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Rediscovering ‘The Spook Who Sat By The Door’
Writer David F. Walker talks about his favorite film in the context of today’s BLM
Monday, January 4, 2021
David F. Walker's graphic novel on The Black Panthers comes out on Jan. 19. He reminds us that today's Black Lives Matter protests are a manifestation of anger and frustration that has been brewing for centuries and those feelings were brilliantly conveyed in both the film "The Spook Who Sat By The Door," which was based on Sam Greenlee's book and was only briefly released in 1973.
Greenlee's controversial book gave us the story of a man symbolically named Dan Freeman (played by Lawrence Cook in the film) who becomes the first Black CIA agent (his initial job is as head of Xeroxing in the basement of the building), takes advantage of all the training the organization offers and then leaves to create a revolutionary army that has echoes of what The Black Panther Party tried to do.
David F. Walker is author of the upcoming "The Black Panther Party: A Graphic Novel," and has also written for the "Shaft" and "Luke Cage" comics. He calls "The Spook Who Sat By The Door" his favorite book and movie.
The film was directed by actor Ivan Dixon (best known to most for his role in the TV show "Hogan's Heroes") and it faced all sorts of obstacles. The story was set in Chicago, but Mayor Richard Daley refused to give them permission to shoot there. But Gary, Indiana had its first black mayor in Richard Hatcher, who welcomed Dixon and his production team. Dixon managed to pull off a few clandestine handheld and pick-up shots in Chicago.
The production faced financial problems as well. It ran out of money before shooting was complete but footage of the riot and a nightclub scene convinced United Artists that it could be financially successful if marketed as a Blaxploitation film (films targeted at Black audiences). Herbie Hancock gave the film a great score.
The film was a hit but then seemed to vanish and the careers of Dixon, Greenlee and Cook seemed to stall. Walker said that United Artists was pressured to pull the film from distribution and relinquished all rights to the film back to the creators (an almost unheard of thing) but they could never get the film back in cinemas.
"Part of the reason the FBI worked to suppress it was there was always this fear of the 'race war,'" Walker explained. "And it was always this fear that something would instigate Black people to finally rise up and take arms and declare war against the white man. And that's been this fear, this white fear in America since before America was America, when it was still part of the British colonies. And I think that that terrifies people so much, and especially when it's placed in a context of, oh, yeah, they're justified."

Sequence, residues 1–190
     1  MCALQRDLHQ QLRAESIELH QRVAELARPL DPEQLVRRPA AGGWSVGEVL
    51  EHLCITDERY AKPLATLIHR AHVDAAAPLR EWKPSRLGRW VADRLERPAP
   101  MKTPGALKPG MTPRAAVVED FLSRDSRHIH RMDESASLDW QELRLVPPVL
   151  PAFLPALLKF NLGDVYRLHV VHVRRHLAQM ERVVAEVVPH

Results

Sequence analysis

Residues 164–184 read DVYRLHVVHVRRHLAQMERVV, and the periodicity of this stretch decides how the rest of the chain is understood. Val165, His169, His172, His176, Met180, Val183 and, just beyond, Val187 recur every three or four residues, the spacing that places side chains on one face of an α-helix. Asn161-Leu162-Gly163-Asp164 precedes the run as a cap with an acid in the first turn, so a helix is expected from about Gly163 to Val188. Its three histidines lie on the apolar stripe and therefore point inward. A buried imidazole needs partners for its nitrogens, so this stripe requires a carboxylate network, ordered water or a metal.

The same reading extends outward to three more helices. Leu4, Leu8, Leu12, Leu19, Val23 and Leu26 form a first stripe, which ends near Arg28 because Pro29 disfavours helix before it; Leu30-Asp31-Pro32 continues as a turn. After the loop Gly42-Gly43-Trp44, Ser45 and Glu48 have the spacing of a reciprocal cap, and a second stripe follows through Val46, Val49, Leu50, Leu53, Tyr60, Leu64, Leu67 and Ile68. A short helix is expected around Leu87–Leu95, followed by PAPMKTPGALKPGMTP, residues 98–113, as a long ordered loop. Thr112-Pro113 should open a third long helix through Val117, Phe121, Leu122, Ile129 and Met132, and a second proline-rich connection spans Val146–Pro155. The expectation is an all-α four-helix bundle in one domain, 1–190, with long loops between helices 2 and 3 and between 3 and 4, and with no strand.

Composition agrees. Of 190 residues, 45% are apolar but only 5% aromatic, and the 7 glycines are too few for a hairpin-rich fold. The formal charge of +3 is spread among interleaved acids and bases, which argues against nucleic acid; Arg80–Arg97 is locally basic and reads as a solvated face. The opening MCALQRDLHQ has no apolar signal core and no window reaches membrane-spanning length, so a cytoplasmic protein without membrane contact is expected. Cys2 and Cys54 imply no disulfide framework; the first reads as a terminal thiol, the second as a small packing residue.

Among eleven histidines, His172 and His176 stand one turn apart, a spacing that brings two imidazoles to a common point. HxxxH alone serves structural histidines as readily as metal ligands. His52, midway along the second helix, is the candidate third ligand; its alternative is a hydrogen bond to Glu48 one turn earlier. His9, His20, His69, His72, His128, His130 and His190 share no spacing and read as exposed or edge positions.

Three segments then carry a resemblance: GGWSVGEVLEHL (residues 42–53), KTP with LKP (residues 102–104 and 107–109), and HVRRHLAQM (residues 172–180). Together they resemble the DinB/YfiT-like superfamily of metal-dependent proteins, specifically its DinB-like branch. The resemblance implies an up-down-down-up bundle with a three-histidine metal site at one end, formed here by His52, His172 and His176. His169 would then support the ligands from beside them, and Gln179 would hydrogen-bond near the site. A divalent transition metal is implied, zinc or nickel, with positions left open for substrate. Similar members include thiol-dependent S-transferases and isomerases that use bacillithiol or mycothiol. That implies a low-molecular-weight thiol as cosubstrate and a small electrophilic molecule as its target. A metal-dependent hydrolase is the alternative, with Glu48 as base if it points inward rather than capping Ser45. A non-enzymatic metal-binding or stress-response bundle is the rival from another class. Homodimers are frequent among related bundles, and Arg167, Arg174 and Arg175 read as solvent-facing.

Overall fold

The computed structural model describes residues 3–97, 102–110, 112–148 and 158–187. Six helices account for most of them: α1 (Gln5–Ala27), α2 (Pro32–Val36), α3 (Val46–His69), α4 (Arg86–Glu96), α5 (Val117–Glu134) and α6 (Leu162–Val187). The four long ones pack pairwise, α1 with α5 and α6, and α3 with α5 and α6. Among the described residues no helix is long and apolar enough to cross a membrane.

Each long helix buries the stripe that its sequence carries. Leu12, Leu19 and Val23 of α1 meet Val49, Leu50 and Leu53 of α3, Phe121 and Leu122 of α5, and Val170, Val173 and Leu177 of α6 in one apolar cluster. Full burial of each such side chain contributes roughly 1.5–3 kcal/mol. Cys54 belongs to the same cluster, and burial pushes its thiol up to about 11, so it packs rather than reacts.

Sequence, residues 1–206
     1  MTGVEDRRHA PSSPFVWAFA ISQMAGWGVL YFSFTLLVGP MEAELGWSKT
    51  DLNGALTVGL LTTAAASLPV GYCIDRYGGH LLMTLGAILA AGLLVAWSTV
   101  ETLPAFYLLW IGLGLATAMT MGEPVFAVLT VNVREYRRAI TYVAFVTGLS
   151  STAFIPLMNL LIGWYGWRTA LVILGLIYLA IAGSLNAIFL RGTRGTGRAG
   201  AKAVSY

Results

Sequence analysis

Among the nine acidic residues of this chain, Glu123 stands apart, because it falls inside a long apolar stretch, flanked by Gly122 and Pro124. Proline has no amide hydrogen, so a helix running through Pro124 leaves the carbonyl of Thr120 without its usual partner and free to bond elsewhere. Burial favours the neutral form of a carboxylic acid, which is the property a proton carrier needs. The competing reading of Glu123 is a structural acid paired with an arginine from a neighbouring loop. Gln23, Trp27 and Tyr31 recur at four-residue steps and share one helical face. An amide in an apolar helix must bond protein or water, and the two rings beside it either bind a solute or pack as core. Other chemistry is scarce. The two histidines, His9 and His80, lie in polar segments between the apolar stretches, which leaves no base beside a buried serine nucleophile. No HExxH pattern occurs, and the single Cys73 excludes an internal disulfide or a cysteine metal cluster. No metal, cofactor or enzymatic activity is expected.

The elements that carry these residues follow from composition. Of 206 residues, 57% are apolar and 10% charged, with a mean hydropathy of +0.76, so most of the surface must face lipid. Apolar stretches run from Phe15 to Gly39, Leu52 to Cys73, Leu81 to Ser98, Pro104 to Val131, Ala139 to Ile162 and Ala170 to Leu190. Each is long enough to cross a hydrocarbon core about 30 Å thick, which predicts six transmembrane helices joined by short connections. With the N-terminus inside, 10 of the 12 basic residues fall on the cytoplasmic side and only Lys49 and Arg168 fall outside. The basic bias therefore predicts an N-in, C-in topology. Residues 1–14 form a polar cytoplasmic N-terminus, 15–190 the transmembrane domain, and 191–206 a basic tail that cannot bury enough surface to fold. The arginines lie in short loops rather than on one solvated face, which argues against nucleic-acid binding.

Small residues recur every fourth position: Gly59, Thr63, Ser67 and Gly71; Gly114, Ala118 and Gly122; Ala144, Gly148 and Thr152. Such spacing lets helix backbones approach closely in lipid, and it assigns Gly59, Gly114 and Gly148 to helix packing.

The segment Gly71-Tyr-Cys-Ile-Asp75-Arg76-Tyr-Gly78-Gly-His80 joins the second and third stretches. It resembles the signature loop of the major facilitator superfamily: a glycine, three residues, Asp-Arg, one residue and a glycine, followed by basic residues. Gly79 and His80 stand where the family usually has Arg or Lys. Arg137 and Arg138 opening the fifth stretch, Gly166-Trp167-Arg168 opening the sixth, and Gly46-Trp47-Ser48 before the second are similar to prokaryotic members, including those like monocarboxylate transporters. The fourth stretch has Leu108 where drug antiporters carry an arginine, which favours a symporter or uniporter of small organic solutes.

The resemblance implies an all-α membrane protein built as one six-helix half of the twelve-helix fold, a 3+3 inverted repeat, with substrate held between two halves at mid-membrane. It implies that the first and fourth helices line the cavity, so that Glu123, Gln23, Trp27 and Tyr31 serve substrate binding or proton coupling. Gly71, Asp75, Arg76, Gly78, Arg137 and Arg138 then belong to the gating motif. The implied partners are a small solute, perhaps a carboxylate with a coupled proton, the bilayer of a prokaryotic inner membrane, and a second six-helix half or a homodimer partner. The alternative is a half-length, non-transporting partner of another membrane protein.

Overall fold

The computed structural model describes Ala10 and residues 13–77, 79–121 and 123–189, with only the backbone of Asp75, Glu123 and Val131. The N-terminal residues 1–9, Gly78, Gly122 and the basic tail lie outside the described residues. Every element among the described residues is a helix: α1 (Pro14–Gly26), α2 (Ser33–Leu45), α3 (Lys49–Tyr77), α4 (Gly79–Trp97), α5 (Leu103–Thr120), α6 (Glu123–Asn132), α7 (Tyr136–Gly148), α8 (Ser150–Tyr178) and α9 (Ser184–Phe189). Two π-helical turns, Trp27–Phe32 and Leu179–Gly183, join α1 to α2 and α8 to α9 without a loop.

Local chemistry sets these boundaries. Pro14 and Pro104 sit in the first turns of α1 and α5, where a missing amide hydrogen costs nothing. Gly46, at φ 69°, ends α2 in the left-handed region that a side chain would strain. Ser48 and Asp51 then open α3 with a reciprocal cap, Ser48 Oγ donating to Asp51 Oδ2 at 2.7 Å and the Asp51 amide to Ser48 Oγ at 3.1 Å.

Here's are a pair of lines from the film's main character, Dan Freeman, that might resonate today with some edge: "You have just played out the American dream ... and now, we're gonna turn it into a nightmare” and the more compelling, "This is not about 'hate white folks.' This is about loving freedom enough to die or kill for it if need be."
"The Spook Who Sat By The Door" is one of the few films that presented a Black organization that looked something like The Black Panthers. Walker considered why a group as iconic as the Panthers has been so rarely depicted on screen.
"I think that it comes down to the fact that if you were to write a story, for lack of a better term, a traditional narratives of the Black Panther Party that cast them in the role of the good guys, well, then the bad guys are the United States government," Walker said.
"And we're talking about a level of corruption on a governmental level, both federal, state and municipal. That is kind of mind boggling when you really think about it. It's not as mind boggling now because we're seeing some of these things play out on the on the news on a daily basis, the acts of police brutality, the cover ups that are going on, the lack of transparency. All this was going on in the '60s and before that and since then. But, I think that in terms of popular entertainment, it's difficult for a lot of people to get down with. How do we show that? I think that part of the problem dealing with things like systemic racism is that it forces people to take a look at their own culpability. It's not just systemic racism. It's also sexism and homophobia and all the other forms of oppression. Once you acknowledge it, you have to look at your own culpability. And sometimes culpability is merely inaction or apathy. And nobody wants to face that," Walker said.
"The Spook Who Sat By The Door" is not officially streaming anywhere (and that is a true shame) but there are versions of it on YouTube. This one seemed to be the best quality. I urge you to check it out because some of what it addresses remains as bold and as remarkably relevant today as it was in 1973.
You can listen to my full interview with Walker, plus a bonus interview on The Black Panthers, on my Cinema Junkie Podcast.
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